A group of 20 or so, we made our way one by one up a set of thick, steep stairs so wide that my arms fully stretched out would not meet both handrails at the same time. I emerged at the summit wide-eyed and intrigued. I entered the dome, lay down, covered myself with a blanket, and sank into a spongy mattress, ready for the sound bath to begin. A woman named Nancy, her voice melodic and soft, led us through our chakra-cleansing experience. From the sacrum to the top of the head, the vibrations became heavier; the sound was encompassing, almost sinister.
I placed my hands on my abdomen and they bore down on my skin like weights. As Nancy drew another note from the quartz bowl, I drew further into myself. I didn’t move and I didn’t feel, but tears streamed from my eyes, and the noise enshrined my body as I lay paralyzed. Inside I felt full, claustrophobic—no room for food, no room for water. Three days after returning from the desert, I found out I was pregnant.—Ashley Jardine
I finally left Vancouver, like most Vancouverites say they are going to (give me a dollar for every person who told me they were moving to Berlin, Montreal, New York, L.A. Whatever, give me a nickel, I’d still be rich). But I’m not that proud of myself, because the city I chose is Vancouver’s twin. Twins don’t look right alone, and being somewhere with all the trappings of home leaves me feeling suspended, like one of the bubbles of the London Eye. People don’t think about it, but London is a waterfront city, too. Last summer I ran along the Seawall every night, sometimes in rain that I described as “Shakespearean”; here I jog along the Thames, past Shakespeare’s Globe Theatre. I don’t necessarily think that’s an improvement.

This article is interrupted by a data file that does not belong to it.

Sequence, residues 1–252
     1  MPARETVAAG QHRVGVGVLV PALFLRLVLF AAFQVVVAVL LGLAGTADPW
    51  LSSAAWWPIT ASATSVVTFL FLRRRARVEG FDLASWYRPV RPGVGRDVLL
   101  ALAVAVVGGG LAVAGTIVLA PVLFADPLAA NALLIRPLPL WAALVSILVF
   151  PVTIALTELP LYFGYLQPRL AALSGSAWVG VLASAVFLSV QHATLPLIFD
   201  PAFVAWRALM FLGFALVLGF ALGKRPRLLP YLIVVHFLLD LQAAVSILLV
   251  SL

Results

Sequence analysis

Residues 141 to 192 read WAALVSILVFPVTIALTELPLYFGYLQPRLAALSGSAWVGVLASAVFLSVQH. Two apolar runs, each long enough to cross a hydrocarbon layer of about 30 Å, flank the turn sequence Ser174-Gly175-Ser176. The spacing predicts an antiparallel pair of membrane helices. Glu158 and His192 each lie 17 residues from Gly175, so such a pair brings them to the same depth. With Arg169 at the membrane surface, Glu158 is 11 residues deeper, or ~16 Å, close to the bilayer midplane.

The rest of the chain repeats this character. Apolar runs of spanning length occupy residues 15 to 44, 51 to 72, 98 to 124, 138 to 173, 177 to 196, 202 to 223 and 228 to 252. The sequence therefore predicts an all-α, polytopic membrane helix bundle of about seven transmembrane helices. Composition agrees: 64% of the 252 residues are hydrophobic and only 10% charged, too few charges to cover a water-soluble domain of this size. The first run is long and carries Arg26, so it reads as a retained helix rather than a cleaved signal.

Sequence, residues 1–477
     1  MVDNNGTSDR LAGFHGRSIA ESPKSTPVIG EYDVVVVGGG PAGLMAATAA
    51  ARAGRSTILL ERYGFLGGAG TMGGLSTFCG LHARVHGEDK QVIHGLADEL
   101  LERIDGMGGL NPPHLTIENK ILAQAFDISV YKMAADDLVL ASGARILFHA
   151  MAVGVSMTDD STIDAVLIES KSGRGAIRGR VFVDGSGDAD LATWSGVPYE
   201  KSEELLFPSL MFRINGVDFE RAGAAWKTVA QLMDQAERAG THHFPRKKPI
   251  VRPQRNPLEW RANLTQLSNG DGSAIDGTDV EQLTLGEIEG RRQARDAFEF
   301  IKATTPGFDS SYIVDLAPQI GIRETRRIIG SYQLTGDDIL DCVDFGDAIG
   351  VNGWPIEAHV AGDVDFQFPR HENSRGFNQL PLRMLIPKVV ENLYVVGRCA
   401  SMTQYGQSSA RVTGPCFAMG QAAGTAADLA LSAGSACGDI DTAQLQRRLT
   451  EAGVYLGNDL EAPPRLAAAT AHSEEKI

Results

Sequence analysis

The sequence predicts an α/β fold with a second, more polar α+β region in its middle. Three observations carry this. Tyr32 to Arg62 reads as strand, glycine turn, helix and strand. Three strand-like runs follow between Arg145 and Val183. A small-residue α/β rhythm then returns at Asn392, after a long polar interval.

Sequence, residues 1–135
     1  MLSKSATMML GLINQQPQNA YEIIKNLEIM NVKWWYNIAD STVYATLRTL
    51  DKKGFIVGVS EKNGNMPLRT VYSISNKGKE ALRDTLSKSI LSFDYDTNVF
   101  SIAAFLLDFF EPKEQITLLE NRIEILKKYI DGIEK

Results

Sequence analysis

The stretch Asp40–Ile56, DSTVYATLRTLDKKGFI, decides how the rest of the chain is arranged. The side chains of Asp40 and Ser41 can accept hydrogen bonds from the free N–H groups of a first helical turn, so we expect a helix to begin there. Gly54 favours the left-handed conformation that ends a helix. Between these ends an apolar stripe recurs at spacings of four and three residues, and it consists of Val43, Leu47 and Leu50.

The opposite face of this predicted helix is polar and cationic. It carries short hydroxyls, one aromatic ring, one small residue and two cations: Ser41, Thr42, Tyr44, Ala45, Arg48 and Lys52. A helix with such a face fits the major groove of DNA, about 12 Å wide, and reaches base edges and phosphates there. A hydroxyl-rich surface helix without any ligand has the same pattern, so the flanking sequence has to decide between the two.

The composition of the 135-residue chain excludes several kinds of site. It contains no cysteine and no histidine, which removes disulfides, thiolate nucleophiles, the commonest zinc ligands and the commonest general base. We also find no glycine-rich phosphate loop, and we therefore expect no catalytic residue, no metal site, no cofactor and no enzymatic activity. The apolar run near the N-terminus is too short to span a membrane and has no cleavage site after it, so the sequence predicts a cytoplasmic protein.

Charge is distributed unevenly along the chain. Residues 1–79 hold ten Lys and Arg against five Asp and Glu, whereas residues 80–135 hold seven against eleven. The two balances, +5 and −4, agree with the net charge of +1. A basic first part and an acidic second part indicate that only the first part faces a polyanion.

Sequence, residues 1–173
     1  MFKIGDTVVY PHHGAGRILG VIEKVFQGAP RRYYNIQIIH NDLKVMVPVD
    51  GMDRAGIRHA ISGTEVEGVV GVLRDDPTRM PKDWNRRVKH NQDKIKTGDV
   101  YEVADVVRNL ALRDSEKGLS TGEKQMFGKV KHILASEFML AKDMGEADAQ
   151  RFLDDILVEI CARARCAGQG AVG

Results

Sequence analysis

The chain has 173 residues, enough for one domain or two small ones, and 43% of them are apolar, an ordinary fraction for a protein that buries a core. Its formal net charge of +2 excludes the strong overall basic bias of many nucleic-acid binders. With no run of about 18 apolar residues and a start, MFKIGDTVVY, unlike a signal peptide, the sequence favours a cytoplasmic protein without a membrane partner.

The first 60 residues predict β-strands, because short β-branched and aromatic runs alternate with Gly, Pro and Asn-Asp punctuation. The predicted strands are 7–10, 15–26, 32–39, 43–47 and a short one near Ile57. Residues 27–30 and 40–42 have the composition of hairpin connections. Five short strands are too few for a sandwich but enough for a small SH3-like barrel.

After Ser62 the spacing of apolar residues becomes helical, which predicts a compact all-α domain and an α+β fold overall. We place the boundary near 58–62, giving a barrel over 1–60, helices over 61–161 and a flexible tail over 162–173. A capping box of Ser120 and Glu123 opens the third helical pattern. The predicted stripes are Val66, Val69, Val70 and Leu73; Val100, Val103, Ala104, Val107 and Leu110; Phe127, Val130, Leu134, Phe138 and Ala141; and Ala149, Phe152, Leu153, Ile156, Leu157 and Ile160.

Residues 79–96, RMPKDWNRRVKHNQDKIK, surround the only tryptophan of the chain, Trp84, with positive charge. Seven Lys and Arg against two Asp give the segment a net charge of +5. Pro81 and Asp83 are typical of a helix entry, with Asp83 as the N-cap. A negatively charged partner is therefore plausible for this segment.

On the West Coast, everything is so beautifully gloomy, like a dark smudge over something happy.
Vancouver is a beautiful secret—there is still a feeling of the forests even in the concrete plains—whereas London celebrates its secrets, turns them into tourist traps. That’s enterprising, I guess, and characteristically British. I have been trying to define Britishness since I got here, and I think I’ve got it: controlled exposure. Every confessional moment disguises a deeper admission. Self-deprecating humour throws a cloak over real pain. On the West Coast, everything is so beautifully gloomy, like a dark smudge over something happy. Here it’s the opposite—there is something chipper and peppy covering up the grey. The national temperament is like tin foil on top of soot.
I love being a bitch in London. It’s so antithetical to this city. It’s absurd to say I feel out of place when I blend in so much more than other newcomers, when I have every advantage thanks to a home not all that different. But I feel out of something, and I think it’s space. I feel like a ghost in London, a wisp or a scratch on a leather couch. I’ve never loved my city so much as I do now that I’m away from it. And I’ve turned London into an apparition of Vancouver. My homesickness is physical, in the coffee shops I go to that play the same music, in the parties and flat concrete rooms that remind me of East Van, in the markets and canals where I can drink juice and listen to lapping water. All the cute boys I meet turn out to be Canadian.—Meredyth Cole